What about State practice? Admittedly, when Egypt and Syria triggered the Yom Kippur War in 1973 with the aim of recovering the land lost to Israel in the 1967 Six-Day War, many non-aligned and communist States were sympathetic to its actions. While most reactions were not formulated in clear legal terms, at least some States expressly approved the legality of military action to liberate occupied territory.

Overall, however, in those few cases where States invoked an alleged title to territory to justify military action against (territory controlled by) other States (e.g., India in respect of Goa (1961), Argentina in respect of the Falklands/Malvinas (1982) and Iraq in respect of Kuwait (1990)), these arguments were not embraced by other States or by the U.N. organs. For instance, while many States supported Argentina’s territorial claims in 1982, they nonetheless condemned its attempt to recover the Falklands through force.

Choosing Peace Over Justice? A Balancing Exercise

Some will argue that the prohibition against settling territorial disputes through force does not “protect” every established territorial status quo, but applies only when there is a “genuine” territorial dispute (as in the case of Ethiopia-Eritrea). And so, the argument goes, it may have been irrelevant in the Yom Kippur War, since Israel had not claimed sovereignty over the Sinai and the Golan Heights.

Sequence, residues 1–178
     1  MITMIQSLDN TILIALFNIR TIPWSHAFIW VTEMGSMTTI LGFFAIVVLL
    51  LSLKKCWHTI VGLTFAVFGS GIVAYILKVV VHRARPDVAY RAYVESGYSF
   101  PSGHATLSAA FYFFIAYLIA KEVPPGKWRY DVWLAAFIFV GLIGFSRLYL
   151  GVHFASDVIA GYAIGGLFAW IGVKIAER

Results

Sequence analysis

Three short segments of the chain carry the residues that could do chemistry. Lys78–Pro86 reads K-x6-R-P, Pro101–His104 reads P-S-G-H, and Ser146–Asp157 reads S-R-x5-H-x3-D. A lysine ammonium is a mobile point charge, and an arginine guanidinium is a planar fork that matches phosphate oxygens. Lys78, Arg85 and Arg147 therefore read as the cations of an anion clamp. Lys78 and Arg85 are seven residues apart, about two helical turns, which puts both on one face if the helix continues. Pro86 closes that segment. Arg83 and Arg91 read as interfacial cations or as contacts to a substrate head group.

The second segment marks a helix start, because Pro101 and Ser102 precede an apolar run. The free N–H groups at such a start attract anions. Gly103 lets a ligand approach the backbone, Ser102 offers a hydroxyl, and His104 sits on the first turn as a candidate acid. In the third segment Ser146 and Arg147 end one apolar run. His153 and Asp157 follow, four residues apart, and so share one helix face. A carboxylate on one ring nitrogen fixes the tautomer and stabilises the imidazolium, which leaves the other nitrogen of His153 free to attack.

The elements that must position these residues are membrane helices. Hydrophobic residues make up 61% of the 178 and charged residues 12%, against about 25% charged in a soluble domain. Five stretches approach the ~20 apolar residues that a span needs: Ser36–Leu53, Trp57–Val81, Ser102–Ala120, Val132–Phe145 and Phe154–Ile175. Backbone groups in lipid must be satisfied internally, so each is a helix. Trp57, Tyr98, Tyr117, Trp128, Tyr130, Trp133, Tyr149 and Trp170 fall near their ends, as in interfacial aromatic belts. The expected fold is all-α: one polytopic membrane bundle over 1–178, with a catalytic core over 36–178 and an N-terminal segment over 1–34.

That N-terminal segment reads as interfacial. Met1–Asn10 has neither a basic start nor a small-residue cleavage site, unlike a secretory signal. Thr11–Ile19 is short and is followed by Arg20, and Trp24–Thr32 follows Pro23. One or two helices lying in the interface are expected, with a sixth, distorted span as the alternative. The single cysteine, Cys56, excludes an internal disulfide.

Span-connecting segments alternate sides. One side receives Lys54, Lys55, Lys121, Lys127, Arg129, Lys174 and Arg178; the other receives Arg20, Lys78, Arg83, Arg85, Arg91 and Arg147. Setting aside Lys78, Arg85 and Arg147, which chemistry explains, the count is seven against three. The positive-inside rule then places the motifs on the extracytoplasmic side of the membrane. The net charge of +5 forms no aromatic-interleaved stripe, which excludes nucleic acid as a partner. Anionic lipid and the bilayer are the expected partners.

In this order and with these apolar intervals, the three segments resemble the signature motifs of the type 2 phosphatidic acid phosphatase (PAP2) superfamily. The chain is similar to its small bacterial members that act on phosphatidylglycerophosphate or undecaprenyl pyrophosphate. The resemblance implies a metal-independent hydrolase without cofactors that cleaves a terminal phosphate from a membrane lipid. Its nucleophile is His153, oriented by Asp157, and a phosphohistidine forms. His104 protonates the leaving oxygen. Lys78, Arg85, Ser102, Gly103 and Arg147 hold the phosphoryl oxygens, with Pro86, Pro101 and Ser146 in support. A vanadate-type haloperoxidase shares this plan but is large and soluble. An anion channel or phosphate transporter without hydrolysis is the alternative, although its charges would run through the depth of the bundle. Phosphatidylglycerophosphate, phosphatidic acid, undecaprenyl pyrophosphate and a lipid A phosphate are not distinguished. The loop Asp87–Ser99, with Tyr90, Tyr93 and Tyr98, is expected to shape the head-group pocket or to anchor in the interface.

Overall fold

In a similar vein, it would be irrelevant vis-à-vis Nagorno-Karabakh due to the absence of an Armenian claim of sovereignty over the area. This qualification, however, would seem both futile and potentially counterproductive. Futile, since what amounts to a “genuine” territorial dispute will in many cases of course itself be heavily disputed. Counterproductive, because an occupying State could exclude a possible reaction in self-defense by the other State simply by making a formal claim – and might well have an incentive to do so in this scenario. It hardly makes sense to suggest that Syria had a continuing right to self-defense but then lost it simply because Israel proclaimed the annexation of the Golan Heights.

Of course, defining where the right of self-defense stops and the prohibition on settling territorial disputes through military means kicks in remains an extremely difficult exercise, given the competing interests at stake. What seems to matter most is the existence of a territorial status quo, characterized by a prolonged absence of fighting, and whereby the occupying power peacefully administers the territory concerned. The latter factor may partly explain reactions to the Yom Kippur War: as some have noted, in view of all the incidents that took place between 1967 and 1973, “it can hardly be suggested that the occupied Arab territories were under the peaceful administration of Israel” (here, at 199).